Aniruddha Chowdhury/Mint
Aniruddha Chowdhury/Mint

Opinion | Why the Reserve Bank of India needs de jure independence

We are now headed to a situation where the central bank will be, in all but name, a branch of the finance ministry

And so it has begun. I first sounded an early warning bell as early as 8 October 2018 in this space (Ill Winds Blow On Mint Road) and most recently wrote about it on 17 December 2018 (Watching A Tragedy Unfold), exactly a week after the resignation of Urjit Patel as governor of the Reserve Bank of India (RBI).

Since then, newly appointed governor Shaktikanta Das, a veteran bureaucrat and loyal lieutenant of the Narendra Modi government, has wasted little time in making clear that it is back to business as usual, as it was in the good old days: cosy consultations with stakeholders such as the chiefs of public sector banks and vague promises of injecting more liquidity into the system, as well as reversing RBI’s tough stance on bad debts in the micro, small and medium enterprises (MSME) sector.

More recently, RBI has paid out a hefty dividend to the government, while assorted committees deliberate on the capital structure of the institution and the governance and management of RBI itself. The message: the spigots are being opened wide, in the hope they may give a fillip to the economy in advance of elections.

If there were any grain of doubt anyone might have had on 11 December, when Das took charge, that should now be erased. The government has taken a wrecking ball to the de facto functional autonomy of the central bank, and by the time his work is done, RBI will be but a shadow of the formidable institution it had become under former governors Raghuram Rajan and Urjit Patel.

Instead, we are now headed toward Latin American and African territory, where the central bank will become, in all but name, a branch of the finance ministry. Or, if you find that analogy too extreme for your comfort level, we will, at a minimum, hark back to the bad old days of the previous bureaucrat-turned-governor Duvvuri Subbarao, who tried to intervene during the “taper tantrum" of 2013 and made a complete hash of it.

What is now self-evident is that de facto central bank independence in a political economy with generally weak institutions is not good enough. RBI needs legal, de jure autonomy, and this will require a thorough revamp of the RBI Act. Let us recall that the Act dates back to 1934, in the depths of the Great Depression and under our former colonial rulers. Independence of the central bank was not a well understood concept at that time, if it was understood at all.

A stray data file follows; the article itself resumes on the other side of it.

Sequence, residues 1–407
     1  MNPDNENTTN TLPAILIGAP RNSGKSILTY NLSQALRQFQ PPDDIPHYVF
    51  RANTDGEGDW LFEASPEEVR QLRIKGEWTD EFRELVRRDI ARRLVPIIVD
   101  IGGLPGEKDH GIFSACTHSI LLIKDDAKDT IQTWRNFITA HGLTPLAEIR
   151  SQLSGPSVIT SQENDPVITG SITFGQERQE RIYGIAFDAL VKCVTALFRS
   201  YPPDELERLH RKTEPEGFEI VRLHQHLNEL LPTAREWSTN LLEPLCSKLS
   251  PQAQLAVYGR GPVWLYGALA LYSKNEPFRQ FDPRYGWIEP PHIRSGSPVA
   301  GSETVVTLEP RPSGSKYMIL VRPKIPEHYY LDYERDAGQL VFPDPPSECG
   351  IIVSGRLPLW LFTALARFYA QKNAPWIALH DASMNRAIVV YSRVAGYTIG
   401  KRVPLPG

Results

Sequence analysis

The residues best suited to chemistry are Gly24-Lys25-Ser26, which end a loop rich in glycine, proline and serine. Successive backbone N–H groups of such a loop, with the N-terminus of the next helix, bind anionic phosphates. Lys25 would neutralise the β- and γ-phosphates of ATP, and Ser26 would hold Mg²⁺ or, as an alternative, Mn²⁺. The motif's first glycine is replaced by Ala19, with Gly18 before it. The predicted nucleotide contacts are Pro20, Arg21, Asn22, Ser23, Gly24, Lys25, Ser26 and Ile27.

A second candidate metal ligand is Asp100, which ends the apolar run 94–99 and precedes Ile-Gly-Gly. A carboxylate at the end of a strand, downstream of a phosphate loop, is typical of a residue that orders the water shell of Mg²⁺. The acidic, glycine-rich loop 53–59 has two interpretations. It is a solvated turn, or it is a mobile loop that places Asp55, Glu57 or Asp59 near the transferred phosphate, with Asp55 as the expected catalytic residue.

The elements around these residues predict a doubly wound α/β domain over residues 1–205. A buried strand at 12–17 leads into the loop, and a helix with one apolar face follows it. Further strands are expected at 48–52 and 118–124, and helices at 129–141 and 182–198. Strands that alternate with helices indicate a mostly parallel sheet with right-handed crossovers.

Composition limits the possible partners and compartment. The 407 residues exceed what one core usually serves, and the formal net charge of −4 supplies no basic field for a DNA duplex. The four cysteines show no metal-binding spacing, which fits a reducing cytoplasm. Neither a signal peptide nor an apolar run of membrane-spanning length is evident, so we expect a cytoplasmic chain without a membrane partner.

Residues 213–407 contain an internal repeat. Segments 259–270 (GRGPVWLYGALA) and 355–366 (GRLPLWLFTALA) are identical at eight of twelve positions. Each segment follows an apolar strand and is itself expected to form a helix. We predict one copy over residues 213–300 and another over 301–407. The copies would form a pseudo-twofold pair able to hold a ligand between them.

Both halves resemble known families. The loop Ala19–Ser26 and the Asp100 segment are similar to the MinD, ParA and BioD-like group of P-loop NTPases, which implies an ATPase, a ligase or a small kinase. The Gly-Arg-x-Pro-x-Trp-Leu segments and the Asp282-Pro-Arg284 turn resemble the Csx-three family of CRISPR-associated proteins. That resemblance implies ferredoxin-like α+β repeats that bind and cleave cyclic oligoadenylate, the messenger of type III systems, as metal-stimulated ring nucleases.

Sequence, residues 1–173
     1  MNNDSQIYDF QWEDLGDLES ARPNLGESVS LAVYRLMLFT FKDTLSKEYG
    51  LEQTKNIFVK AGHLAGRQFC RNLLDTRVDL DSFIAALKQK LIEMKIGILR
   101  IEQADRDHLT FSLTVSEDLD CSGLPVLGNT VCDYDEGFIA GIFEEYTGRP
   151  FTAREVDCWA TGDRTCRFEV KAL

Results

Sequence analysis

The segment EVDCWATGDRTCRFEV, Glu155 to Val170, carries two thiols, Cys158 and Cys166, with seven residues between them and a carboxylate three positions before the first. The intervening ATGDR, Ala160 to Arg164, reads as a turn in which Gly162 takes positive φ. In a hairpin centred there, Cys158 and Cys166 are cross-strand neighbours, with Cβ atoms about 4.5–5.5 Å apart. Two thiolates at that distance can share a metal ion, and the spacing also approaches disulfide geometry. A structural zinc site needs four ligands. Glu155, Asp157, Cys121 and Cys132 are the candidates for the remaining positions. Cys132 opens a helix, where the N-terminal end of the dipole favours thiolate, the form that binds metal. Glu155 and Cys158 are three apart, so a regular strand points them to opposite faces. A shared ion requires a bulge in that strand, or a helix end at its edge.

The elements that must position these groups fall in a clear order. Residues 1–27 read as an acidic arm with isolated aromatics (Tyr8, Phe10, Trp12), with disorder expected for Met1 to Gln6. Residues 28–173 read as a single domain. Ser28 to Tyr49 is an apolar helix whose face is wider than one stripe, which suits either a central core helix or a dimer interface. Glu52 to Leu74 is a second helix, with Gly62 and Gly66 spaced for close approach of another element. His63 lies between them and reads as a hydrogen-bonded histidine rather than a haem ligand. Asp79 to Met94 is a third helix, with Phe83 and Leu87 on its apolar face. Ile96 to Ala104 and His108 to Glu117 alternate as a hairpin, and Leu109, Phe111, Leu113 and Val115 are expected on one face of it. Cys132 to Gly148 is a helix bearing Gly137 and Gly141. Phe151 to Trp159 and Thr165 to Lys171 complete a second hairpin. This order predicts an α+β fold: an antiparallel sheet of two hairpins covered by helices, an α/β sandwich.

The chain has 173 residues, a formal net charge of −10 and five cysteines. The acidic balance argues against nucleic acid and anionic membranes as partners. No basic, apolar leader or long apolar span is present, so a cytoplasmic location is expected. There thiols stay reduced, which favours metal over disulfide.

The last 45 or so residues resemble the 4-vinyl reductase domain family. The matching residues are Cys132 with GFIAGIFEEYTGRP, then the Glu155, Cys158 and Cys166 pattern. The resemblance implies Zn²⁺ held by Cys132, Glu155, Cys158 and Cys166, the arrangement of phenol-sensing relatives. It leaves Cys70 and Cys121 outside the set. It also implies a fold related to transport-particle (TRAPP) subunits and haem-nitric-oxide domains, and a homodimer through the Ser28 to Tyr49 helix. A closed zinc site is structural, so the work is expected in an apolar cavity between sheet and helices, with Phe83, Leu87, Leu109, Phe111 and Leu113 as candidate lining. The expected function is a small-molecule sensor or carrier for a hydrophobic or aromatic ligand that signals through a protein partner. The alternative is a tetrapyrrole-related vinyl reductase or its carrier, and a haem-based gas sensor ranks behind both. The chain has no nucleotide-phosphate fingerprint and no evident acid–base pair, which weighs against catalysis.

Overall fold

It might be objected that central banks in other Westminster democracies, such as the United Kingdom or Canada, are not as legally autonomous as, say, the US Federal Reserve System, which is governed by an Act of Congress. Even US President Donald J. Trump, who has bent, or has tried to bend, other institutions out of shape, has not been able to act on his wish, or whim, to fire Jerome Powell, the chairperson of the Federal Reserve, and has had to remain content with fuming on Twitter.

As for central banks such as those in the UK and Canada, they operate within a system in which unwritten convention and accepted practice just about carry the weight of law. Thus, in Canada, after the infamous sacking of James Coyne, the central bank chief, by the Conservative government of Prime Minister John Diefenbaker in 1961, it was legally established that the central bank chief served at the pleasure of the government and could be removed by the minister of finance (Donald Fleming in 1961).

However, after it was quickly realized how disastrous this move proved to be, shaking the confidence of markets in the autonomy of the central bank, no such attempt has been made since then, though the statute governing the central bank remains unchanged. This was true even when inflation hawk and arch monetarist John William Crowe drove the interest rate (and, with it, the unemployment rate) into double digits, thereby dooming the re-election chances of the then Conservative government in 1993. However, Prime Minister Brian Mulroney never once attempted to intervene in Crowe’s monetary policy, though he clearly realized the political cost—much as a stoic former US President Jimmy Carter gave Federal Reserve chief Paul Volcker the green light to slay the evil of inflation, knowing fully well it would imperil his re-election chances in 1980.

The notion that RBI needs greater autonomy is not just the view of inflation nutters, but that of the International Monetary Fund (IMF), the arbiter of the global monetary and financial system. In the most recent review under the IMF’s Financial Sector Assessment Program (FSAP) on 21 December 2017, the Financial System Stability Assessment (FSSA) for India observed that there was “scope for further improvement", most notably “strengthening the RBI’s de jure independence as well as its powers over" public sector banks. One shudders to think what the assessors would make of recent developments.

The overarching political economy problem in India, as in most emerging economies, is that no incumbent government has an incentive to strengthen institutions, when there is short term political gain to be reaped by weakening and capturing them. This is a bad equilibrium. Meanwhile, advanced economies have converged on a good equilibrium where everyone sees it in their long-term interests to keep institutions strong.

In the case of India, as far as RBI is concerned, expect us to go from bad to worse.

Vivek Dehejia is resident senior fellow at the IDFC Institute, Mumbai. Read Vivek’s Mint columns at livemint.com/vivekdehejia

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